Wednesday, August 4, 2010

Building a Speaking Platform part 2-What's Networking Got To Do With It?

Angie here:

Networking is how you get your speaking events. People have to trust you to have you come into their inner sanctum, the people they protect fiercely. The people that schedule you to speak to their groups need to know that you can not only deliver an entertaining or enlightening message, but that they can trust your behavior and professionalism.

How do you think they build the trust in you?

Trust is built on referrals. If no one has heard you speak, they can't refer you. This is one reason to start in your local area first. You can ask to speak in groups where you already know a member who knows you well enough to either request you or to refer you for the opportunity.

In these local events, more people have the chance to build trust by hearing what you have to say. There's saying, "The purpose of a meeting is to book another meeting." It's very true in the case of public speaking. Now obviously you are there to deliver the message you promised. But it's important to take the time to get to know the listeners. Ask for a referral letter or endorsement afterward. Tell people you love to speak and would love to share if anyone knows of a group needing speakers.

Build the resume' by speaking as often as possible in your local area and then branch out from there. Many weekly or monthly clubs actually struggle to find speakers. You'll likely be speaking for free in the beginning, but that's equal to a writer offering free articles to get clippings on their resume'. You have to prove yourself in this field too. It feels slow at first, but remember you are building trust into your resume'.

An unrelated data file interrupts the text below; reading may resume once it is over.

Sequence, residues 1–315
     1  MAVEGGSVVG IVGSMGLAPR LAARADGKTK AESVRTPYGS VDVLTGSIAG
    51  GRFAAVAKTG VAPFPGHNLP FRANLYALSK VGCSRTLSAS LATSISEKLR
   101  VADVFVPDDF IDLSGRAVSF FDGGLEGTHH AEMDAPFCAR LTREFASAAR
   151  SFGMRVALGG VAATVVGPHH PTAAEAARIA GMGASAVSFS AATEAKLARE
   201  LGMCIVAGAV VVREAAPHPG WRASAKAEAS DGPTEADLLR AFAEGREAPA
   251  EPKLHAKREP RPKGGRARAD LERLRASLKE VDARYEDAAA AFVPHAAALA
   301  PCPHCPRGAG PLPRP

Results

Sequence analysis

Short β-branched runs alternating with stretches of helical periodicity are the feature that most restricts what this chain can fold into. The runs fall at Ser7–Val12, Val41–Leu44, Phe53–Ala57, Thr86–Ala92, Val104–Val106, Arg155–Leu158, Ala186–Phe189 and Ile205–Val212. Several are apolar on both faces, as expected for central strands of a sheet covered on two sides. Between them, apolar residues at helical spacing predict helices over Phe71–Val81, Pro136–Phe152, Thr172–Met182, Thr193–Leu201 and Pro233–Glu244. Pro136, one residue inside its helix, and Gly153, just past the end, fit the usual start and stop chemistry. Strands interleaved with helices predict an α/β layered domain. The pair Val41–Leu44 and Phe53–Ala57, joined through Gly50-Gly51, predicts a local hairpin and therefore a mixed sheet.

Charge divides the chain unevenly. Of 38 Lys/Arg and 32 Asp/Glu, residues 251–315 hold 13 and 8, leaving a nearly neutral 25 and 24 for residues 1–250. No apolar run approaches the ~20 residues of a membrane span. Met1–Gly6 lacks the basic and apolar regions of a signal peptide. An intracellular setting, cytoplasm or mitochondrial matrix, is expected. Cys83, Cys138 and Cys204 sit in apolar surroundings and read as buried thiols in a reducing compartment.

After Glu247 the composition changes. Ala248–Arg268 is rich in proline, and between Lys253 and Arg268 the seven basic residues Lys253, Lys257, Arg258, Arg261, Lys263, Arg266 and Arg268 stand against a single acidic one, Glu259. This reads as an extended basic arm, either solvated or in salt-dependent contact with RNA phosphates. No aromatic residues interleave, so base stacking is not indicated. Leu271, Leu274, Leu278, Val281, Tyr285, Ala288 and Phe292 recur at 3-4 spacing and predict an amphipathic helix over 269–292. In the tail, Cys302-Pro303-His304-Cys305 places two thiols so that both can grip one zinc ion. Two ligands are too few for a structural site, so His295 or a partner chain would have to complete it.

I started by joining Toastmasters and then asking that group for other groups. I've spoken to groups like the Lion's Club, Go Red for Women, women's retreats, other churches, a local retirement home, a new moms group, and then began to travel.

I know public speaking is one of the great fears, but when you tackle it in a safe place like Toastmasters, it becomes much less a fear as you build confidence and skill. But you'll never build a speaking platform without those friends you meet along the way. Word of mouth isn't just the best selling tool, it's also how you build trust. Be sure not to mistreat that network of friends. Give back whenever possible. Say yes to helping those friends too. Networking isn't a one way street.

I actually dislike the word "networking" because of the misuse I've seen with it. I prefer building friendships and bridges. Bridges can be crossed from either direction. One of my favorite things to do is introduce a friend to another. I especially love connecting people who need each other's abilities and services. It's just plain fun to see the dawning in their faces as the conversation takes off.

I've never been asked to speak in a group that didn't have some connection to another group I've either spoken to or been a member. I connected those dots and recognized the very important picture of relationship.